Why Flexible Workplaces Are the Future

Flexible work policies help to introduce a semblance of balance to the workplace. This is especially true in today’s digital age, when it feels like you’re always expected to be online and work is easily accessible anytime, anywhere. In order to increase flexibility, more and more companies are allowing their employees to set their own schedules and come and go as they please. This introduces some risk for employers. But the more that companies roll out flexible policies, the more they realize that flexible work helps to boost productivity and worker retention. Workers tend to be more loyal to employers that reward them with flexibility.

Many companies talk the talk, but don’t walk the walk. They claim to champion workplace flexibility and offer flexible policies but oftentimes employees don’t feel comfortable taking advantage of these programs. Employees may fear that doing so will hurt the way they are perceived by their managers and colleagues or hinder their career trajectory.

Contrary to the concerns of employers, flexible work doesn’t cause employees to become slackers. Flexible work policies have actually been found to increase productivity.

In 2010-11, Stanford University professor Nicholas Bloom and his team of researchers conducted a randomized experiment on working from home with a 16,000-employee call center company. The 10-month study compared the productivity levels of call center employees who worked from home versus those who worked in cubicles. Working at home led to a 13 percent increase in productivity, and the remote workers reported higher levels of job satisfaction. The study also indicated that the remote workers took shorter breaks and less sick leave.



Flexible scheduling enables employees to come into the office earlier and leave earlier, so they can spend more time with their families, work out, go to appointments, etc. Another option includes allowing employees to work four days instead of five days a week. Depending on the type of business, employees could even work 10 days straight, including weekends, and then take four days off. The possibilities are virtually limitless.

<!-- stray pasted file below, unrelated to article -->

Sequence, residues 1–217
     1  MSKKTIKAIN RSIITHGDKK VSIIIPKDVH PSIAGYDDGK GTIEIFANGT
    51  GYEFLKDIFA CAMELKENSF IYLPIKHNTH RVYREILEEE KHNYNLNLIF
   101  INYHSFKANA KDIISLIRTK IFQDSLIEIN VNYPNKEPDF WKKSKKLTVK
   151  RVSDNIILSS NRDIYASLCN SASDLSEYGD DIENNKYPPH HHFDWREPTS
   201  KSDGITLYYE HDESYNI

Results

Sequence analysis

A study from Bentley University found that 77 percent of millennials believe that a flexible schedule would make them more productive. Companies that have embraced flexible work understand that not everyone does their best work between 9am and 5pm, Monday through Friday, while sitting in the office. This is why it’s crucial for organizations to change the way they measure the performance of their employees. Rather than measuring them by hours, employees should be measured by results. The idea of giving people the ability to do work when and where it suits them best is at the core of flexible work policies.

Many aspects of employees’ personal lives can conflict with the standard 9-5 schedule, from going to appointments to picking up their children from school. Flextime enables employees to customize their hours within certain days and ranges of time. Employees also avoid rush hour by starting and leaving at different hours than most other commuters. With flextime, employees schedule work around their lives. This allows them to attend to their personal needs without it affecting their work productivity.



According to GlobalWorkplaceAnalytics, nearly 4.3 million employees worked from home at least part-time in 2018. That’s a 140% increase since 2005.

Telecommuting gives employees greater freedom because they have a greater ability to balance their personal and work obligations. It can also make employees more productive because it takes away the distractions of an office. Employers save money because it reduces overhead expenses.


Hoteling/Hot Desking

With more and more employees telecommuting or using flextime, the need to provide flexible workspaces has grown. This is where hoteling and hot desking come in. Hot desking involves taking whatever desk is available instead of having one assigned space. Hot desking ensures that an organization’s mobile and remote workers can quickly and efficiently find a workspace in the office without their employers having to assign them a dedicated workspace that would end up sitting empty a good portion of the week. Hoteling requires employees to reserve a space before using it.

Hot desking and hoteling help companies decrease real estate costs by eliminating excess space. These practices are particularly useful for companies in which many of the employees work remotely.

In a growing number of workplaces, employees are able to work wherever and whenever they want, as long as they fulfill their job responsibilities and meet performance metrics. But achieving a flexible work environment requires companies to have a lot of faith in their employees. There needs to be full alignment on flexible work policies from top to bottom to truly improve work-life balance and create a trust-based culture that promotes and encourages flexibility.

Resource Central is a meeting room booking system for Microsoft Outlook®, Exchange, and Microsoft 365 that makes flexible work programs easier to implement and manage. Our resource booking tool can be used to book meeting rooms, flexible spaces (e.g. huddle rooms), and hot desks.

To learn more, sign up for a free trial or free online demo.

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